There are different kinds and levels of free will. An automobile has none, a chess program has a minimal kind of free will, and a human has a lot. Human-level AI systems, i.e. those that match or exceed human intelligence will need a lot more than present chess programs, and most likely will need almost as much as a human possesses, even to be useful servants.
Consider chess programs. What kinds of free will do they have and can they have? A usual chess program, given a position, generates a list of moves available in the position. It then goes down the list and tries the moves successively getting a score for each move. It chooses the move with the highest score (or perhaps the first move considered good enough to achieve a certain objective.)
That the program considers alternatives is our reason for ascribing to it a little free will, whereas we ascribe none to the automobile. How is the chess program's free will limited, and what more could we ask? Could further free will help make it a more effective program?
A human doesn't usually consider his choices sequentially, scoring each and comparing only the scores. The human compares the consequences of the different choices in detail. Would it help a chess program to do that? Human chess players do it.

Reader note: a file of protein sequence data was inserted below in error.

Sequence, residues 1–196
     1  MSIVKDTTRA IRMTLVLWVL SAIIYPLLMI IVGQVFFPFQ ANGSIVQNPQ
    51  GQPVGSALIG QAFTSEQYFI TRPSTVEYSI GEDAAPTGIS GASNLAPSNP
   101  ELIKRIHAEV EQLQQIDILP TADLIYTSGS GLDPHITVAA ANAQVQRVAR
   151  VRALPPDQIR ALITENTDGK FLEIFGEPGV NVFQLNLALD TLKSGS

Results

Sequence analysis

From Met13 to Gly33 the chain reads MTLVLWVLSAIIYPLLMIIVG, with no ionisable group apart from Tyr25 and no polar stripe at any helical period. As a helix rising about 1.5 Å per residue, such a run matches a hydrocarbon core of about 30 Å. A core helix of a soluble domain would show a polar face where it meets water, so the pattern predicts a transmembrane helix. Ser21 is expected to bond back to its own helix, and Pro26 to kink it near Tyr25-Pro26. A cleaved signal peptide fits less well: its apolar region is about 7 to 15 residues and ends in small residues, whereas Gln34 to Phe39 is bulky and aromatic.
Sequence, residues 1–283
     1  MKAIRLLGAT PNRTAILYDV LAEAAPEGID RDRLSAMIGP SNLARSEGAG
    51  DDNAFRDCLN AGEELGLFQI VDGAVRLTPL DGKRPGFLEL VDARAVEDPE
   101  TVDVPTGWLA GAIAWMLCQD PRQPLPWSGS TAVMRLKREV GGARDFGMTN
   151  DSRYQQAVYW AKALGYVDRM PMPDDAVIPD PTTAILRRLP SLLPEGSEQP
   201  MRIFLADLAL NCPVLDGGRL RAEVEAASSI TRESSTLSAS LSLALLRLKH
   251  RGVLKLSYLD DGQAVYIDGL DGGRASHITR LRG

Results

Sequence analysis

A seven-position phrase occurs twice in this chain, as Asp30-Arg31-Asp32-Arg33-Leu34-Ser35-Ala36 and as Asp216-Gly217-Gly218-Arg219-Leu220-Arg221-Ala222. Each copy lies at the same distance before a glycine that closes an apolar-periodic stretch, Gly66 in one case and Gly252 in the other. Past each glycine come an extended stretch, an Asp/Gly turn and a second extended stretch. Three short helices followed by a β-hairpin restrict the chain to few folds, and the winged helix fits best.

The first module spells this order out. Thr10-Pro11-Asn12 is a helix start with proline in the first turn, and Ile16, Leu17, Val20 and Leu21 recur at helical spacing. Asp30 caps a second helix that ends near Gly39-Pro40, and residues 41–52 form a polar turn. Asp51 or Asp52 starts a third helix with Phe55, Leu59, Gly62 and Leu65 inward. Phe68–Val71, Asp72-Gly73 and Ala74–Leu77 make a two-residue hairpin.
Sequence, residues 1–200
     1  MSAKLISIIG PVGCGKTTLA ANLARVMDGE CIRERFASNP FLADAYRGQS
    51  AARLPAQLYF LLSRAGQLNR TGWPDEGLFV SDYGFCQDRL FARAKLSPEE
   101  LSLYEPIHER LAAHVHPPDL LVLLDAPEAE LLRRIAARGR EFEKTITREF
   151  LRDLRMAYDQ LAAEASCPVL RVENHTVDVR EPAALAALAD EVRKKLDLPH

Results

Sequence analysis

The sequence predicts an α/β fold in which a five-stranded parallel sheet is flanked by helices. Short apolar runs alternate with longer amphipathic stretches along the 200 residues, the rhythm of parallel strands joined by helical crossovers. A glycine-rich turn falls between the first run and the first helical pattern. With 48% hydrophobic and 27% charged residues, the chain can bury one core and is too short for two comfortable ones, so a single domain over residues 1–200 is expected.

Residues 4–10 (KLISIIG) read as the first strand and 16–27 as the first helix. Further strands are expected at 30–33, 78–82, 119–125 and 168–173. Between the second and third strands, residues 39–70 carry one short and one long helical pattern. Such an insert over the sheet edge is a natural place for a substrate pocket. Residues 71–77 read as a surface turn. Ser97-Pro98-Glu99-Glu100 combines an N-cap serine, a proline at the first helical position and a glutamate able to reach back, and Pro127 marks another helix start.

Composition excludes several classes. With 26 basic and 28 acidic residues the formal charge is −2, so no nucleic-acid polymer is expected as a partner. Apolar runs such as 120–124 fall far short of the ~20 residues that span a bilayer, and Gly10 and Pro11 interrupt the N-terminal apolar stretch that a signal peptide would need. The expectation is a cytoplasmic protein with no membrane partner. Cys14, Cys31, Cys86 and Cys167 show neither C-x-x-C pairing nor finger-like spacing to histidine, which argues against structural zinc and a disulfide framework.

Beyond that is considering the set Legals(p) of legal moves in position p as an object. A human considers his set of choices and doesn't just consider each choice individually. A chess position is called ``cramped'' if there are few non-disastrous moves, and it is considered useful to cramp the opponent's position even if one hasn't other reasons for considering the position bad for the opponent. Very likely, a program that could play as well as Deep Blue but doing as much computation would need a more elaborate choice structure, i.e. more free will. For example, one fluent of chess positions, e.g. having an open file for a rook, can be regarded as giving a better position than another without assigning numerical values to positions.